Have you heard about the Chinese netizen panic attack after Canada legalised marijuana? They reacted as if the Canadian prime minister stuffed their mouth with pot… ;-)
This week, we talk about Double Eleven - and we will talk about it more in the coming weeks, as it is China’s biggest e-commerce festival.
What’s more? For social media, we talk about the value of popular WeChat accounts and Weibo creating a new app for younger users.
I love connecting with Chinese culture, and other cultures from around the world too. That's why I ended up going to China, marrying a Chinese woman and starting a Chinese business.
I also put my kids in Chinese-English bilingual school. They do learn Chinese in class. But on the playground, they aren't into a single Chinese thing. In fact, they're mostly into Japanese things - videogames, cartoons, Pokémon. So much so that Pokémon cards were banned at school.
Why is it that Japan did so well with exporting its culture, but China has not? Lu-Hai explores that on our blog this week.
‘Who on earth adds marijuana to maple syrup?’ Some Chinese consumers are getting nervous about the legalization of marijuana in Canada (read more in English.) But I think it would be wrong to read this type of article and think that Chinese tourists aren’t a valid target market for this budding industry.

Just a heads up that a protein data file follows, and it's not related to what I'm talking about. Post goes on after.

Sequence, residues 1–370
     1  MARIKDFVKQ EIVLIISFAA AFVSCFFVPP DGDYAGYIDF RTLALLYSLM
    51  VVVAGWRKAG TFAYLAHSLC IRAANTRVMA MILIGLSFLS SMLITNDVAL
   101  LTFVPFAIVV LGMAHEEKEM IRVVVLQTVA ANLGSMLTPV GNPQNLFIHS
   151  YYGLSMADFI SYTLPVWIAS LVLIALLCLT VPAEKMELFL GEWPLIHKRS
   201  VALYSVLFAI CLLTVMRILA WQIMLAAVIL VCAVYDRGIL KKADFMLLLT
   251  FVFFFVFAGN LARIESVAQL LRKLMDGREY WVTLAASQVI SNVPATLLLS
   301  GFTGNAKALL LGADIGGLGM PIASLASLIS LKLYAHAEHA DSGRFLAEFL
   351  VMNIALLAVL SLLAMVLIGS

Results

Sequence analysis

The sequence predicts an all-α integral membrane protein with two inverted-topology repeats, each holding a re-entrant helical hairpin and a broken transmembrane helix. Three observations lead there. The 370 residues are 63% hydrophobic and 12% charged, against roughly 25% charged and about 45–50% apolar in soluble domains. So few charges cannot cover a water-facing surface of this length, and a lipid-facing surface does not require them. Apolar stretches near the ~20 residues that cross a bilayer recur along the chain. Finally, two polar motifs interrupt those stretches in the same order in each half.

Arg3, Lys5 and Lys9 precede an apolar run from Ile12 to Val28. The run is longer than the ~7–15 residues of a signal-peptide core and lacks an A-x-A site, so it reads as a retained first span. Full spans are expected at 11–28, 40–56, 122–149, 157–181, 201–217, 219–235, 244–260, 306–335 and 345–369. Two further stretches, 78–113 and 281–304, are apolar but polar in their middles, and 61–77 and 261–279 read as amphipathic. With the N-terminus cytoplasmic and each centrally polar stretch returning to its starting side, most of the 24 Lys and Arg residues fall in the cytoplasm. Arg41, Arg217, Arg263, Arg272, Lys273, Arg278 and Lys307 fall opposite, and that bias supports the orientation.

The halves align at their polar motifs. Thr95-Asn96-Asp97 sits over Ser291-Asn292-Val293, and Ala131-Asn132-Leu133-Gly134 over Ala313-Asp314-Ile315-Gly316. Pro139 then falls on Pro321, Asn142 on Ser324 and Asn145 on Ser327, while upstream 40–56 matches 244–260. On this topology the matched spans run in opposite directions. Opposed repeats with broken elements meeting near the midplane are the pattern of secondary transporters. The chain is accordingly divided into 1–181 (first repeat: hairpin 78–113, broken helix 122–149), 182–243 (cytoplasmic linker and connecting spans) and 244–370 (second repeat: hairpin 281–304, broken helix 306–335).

I’ve been bouncing the idea off Chinese friends and family: when the topic of drinking came up at family dinner, I explained weed to my Chinese auntie:
Me: People drink in Canada too, but a lot of them smoke marijuana instead.
Them: Oh? Interesting. Well, I don’t smoke weed.
Me: OK. It’s a traditional herbal medicine used for thousands years.
Them: Oh, really?
Me: Yes, and it's fun too. AND they’re legalizing it in Canada.
Them: "Well, maybe I should try then!"
I’ve tried little scripts like this a bunch of times, and it turns out that many of Chinese people are down to blaze!
Two years from now, I wouldn’t be surprised to see a Chinese pot tourism niche, but for now it’s open to the first movers. It would, however, be very challenging to promote within mainland China.
Alibaba kicked off Double Eleven shopping festival, marking its ten year anniversary. Last year, the Gross Merchandise Value of the festival reached 24.3 billion USD. This year, 180k brands from China and all over the world will take part in the festival engaging consumers in various games and activities, or just offering coupons. The festival is also extending to Alibaba’s overseas platforms: Lazada and Aliexpress. The company will also engage offline stores and other members of the Alibaba family, like Hema Supermarkets and the Ele.me food delivery app. The goal is to showcase the innovative idea of New Retail. - Read more (English)
Double Eleven is not only about Alibaba anymore. It’s an shopping spree all the e-commerce platforms and offline stores wait for, and they plan crazy ways to engage their customers. For some consumers, the sales events went way too far and are not easy to follow anymore. Or they don’t think 5-10% discounts are worth taking part in the madness - they prefer looking for discounts during Chinese New Year promotions. The majority of people go crazy though. There are two king of shoppers: